But as time marches on, the number of folk-oriented singer-songwriters of merit rising in their father’s footsteps continues to grow. In addition to Eliza Carthy, Folk Uke (the duo of Cathy Guthrie and Amy Nelson, Willie’s daughter), Sarah Lee Guthrie, Lucy Wainwright Roche, Martha Wainwright, John Carter Cash projects The Carter Family III and Cedar Hill Refugees, and others associated with the families above, the list of second-generation folk artists who we have posted here on Cover Lay Down also includes:

  • Americana artist Pieta Brown, who first came to our attention for her work with her sisters covering their father’s paean to their grandmother on Greg Brown tribute Going Driftless.
  • Blues/folk musician Toshi Reagon, daughter of Freedom Singers founders Bernice Johnson Reagon and Cordell Hull Reagon and goddaughter of Pete Seeger.
  • Acoustic bassist Sam Grisman, whose work with both his father Dave Grisman’s touring band and Greg Listz newgrass project The Deadly Gentlemen keeps him on our radar.
  • Singer-songwriter Harper Simon, son of Paul, whose underground credibility as a musician is eminently his own, though his output remains low.
  • Beautifully harmonic sister act The Chapin Sisters, a.k.a. Abigail and Lily, whose father, Tom Chapin, was well known in my childhood home for his poignant, political, and silly kidsongs.
  • Sweet-voiced Inara George, whose father Lowell founded Little Feat, and who performs today as both a solo artist and as part of retro-harmony trio The Living Sisters.
  • Indie folk rocker Ben Taylor, son of James and Carly Simon, who continues to impress with his organic approach to performance.
  • Singer and multi-instrumentalist Amy Helm, who forms one-fifth of the core of folk band Ollabelle, co-produced her father Levon’s 2007 Grammy winning traditional folk album Dirt Farmer, and toured with him until his recent passage.
  • Fiddle-playing Americana artist Carrie Rodriguez, whose father David Rodriguez has been covered by Lyle Lovett, and was named Best Texas Songwriter for three consecutive years before expatriating permanently to the Netherlands in 1994.
  • Session instrumentalist and singer-songwriter Jake Armerding, fiddler for Barnstar! and other local projects, whose father Taylor was a founding member of newgrass pioneers Northern Lights.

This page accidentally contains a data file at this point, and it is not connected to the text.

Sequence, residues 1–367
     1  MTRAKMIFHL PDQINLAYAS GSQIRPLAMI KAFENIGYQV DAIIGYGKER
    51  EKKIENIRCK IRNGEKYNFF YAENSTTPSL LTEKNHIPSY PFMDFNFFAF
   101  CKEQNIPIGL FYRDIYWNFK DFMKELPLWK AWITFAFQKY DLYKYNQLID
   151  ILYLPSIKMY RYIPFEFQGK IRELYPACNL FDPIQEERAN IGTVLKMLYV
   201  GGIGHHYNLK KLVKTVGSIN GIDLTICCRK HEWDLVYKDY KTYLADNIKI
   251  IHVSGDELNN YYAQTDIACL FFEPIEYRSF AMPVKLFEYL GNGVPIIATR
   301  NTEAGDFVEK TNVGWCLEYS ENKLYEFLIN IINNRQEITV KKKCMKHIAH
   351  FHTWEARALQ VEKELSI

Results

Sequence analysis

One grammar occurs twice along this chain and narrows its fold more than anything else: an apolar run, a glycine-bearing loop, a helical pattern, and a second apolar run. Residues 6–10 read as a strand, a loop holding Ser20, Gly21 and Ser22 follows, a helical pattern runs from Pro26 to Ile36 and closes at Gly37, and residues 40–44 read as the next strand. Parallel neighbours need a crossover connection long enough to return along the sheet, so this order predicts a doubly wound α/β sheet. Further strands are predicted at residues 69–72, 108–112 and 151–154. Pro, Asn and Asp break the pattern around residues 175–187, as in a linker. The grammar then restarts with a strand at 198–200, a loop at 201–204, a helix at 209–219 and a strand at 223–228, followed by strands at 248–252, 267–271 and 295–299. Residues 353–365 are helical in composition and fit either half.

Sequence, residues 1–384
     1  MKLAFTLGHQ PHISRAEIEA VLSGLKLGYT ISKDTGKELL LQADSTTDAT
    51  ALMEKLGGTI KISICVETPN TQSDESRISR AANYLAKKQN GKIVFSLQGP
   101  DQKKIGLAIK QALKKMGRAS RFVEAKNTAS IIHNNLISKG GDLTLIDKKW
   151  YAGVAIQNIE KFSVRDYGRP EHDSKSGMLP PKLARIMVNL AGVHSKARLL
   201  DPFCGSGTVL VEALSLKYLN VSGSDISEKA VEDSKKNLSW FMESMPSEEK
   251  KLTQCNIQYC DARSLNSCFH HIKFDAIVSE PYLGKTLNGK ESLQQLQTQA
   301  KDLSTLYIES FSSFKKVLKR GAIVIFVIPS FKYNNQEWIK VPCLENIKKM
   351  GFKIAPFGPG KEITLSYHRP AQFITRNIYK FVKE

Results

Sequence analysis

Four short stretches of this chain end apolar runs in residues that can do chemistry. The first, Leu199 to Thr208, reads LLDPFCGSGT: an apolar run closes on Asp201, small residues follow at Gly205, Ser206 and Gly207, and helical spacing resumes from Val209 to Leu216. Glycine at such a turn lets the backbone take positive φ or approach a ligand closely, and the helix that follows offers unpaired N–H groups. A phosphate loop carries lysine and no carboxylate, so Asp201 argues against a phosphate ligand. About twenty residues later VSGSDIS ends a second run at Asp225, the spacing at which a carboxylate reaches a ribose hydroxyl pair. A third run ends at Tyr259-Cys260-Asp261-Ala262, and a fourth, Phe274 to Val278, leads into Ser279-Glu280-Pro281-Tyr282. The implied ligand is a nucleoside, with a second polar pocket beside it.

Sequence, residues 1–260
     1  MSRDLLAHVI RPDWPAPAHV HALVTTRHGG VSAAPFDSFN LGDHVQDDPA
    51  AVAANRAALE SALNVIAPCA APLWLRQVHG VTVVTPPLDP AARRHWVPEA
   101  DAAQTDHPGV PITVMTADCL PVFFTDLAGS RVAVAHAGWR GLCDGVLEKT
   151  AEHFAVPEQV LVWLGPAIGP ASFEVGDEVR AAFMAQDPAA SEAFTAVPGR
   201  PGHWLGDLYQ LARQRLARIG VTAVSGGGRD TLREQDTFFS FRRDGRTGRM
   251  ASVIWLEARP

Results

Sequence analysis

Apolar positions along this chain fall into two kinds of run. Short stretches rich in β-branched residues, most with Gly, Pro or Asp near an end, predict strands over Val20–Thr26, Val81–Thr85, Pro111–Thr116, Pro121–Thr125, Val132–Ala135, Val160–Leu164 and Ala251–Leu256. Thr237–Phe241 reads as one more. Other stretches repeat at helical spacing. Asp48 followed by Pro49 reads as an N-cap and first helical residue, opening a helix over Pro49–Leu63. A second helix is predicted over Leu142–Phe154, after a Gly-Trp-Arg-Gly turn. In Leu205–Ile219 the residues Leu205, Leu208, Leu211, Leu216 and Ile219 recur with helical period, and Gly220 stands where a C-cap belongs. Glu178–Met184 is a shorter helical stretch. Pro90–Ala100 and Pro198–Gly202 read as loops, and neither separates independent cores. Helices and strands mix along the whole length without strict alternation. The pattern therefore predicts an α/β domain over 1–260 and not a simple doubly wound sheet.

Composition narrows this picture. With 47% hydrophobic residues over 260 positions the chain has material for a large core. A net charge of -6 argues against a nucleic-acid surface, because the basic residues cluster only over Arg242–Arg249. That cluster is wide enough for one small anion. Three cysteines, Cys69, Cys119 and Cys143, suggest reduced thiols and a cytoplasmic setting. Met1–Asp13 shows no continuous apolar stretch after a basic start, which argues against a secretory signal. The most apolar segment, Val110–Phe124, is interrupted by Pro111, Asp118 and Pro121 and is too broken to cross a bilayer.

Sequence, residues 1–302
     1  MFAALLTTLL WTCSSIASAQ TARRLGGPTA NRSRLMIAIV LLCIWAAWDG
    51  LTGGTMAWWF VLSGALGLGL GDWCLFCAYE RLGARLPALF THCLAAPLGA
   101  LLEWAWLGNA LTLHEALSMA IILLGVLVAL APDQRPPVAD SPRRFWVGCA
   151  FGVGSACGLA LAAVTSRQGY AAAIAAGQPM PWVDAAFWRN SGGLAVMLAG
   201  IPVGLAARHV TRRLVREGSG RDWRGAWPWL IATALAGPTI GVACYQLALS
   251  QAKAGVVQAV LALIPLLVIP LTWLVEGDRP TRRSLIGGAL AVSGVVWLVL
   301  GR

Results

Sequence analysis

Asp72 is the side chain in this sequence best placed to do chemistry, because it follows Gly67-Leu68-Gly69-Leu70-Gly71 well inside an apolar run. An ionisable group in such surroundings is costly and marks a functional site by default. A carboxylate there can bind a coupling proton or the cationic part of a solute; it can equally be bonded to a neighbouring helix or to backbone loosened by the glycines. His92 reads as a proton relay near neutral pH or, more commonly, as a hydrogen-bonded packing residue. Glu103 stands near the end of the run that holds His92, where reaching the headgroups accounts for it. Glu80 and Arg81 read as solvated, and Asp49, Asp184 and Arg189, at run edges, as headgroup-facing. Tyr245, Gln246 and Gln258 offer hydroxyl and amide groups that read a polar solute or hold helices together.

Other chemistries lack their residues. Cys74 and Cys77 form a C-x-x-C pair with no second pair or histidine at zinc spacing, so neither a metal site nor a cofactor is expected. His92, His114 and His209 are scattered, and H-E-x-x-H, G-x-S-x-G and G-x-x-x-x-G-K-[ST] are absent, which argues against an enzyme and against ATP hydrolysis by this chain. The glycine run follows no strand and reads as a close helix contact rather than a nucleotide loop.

• Violinist and indie a capella darling Petra Haden, daughter of jazz bassist Charlie Haden, who has played and recorded with everyone from The Decemberists to Green Day, and from Bill Frisell to Beck.
  • Soft pop crooner Norah Jones, whose work may not always fall into the folk camp, but whose descent from Beatles compatriot and sitar player Ravi Shankar gives her eminent domain here.

Even Miley Cyrus is starting to come into her own, having impressed us with her work on this year’s Dylan tribute, and her new raspy, soulful acoustic cover of Melanie Safka’s Look What They’ve Done to My Song. Folk rock sibling Kami Thompson, brother of Teddy and daughter of Richard & Linda, released a strong folk rock debut album in late 2011 that featured fellow second-gen artists Sean Lennon and Martha Wainwright, among others. And although neither have recorded any coverage yet, exceptionally strong 2012 debut albums from both Lilly Hiatt, daughter of John Hiatt, and Grace Pettis, daughter of Pierce Pettis and winner of this year’s Kerville New Folk competition, bring us hope for the next generation of second-generation artists.

For the last few years, as the idea has taken seed in my wildest dreams, the daunting task of producing a full album of second-generation singer-songwriters covering the songs of their famous folk fathers has been a pipe dream – one stymied by my lack of access to the musicians themselves, and a lack of experience in producing a quality fund-raising project.

But every new artist that emerges from the fold represents a step towards viability. The development of home recording techniques, fan funding infrastructures such as Kickstarter, and digital distribution houses such as Bandcamp have brought us closer to the possibility of producing and distributing such a project without access to a studio or label. And the addition of Grace Pettis to the mix even brings a tentative title to our dream: My Father’s Shoes, a song from her father’s canon which serves as an especially apt frame in which to place our project.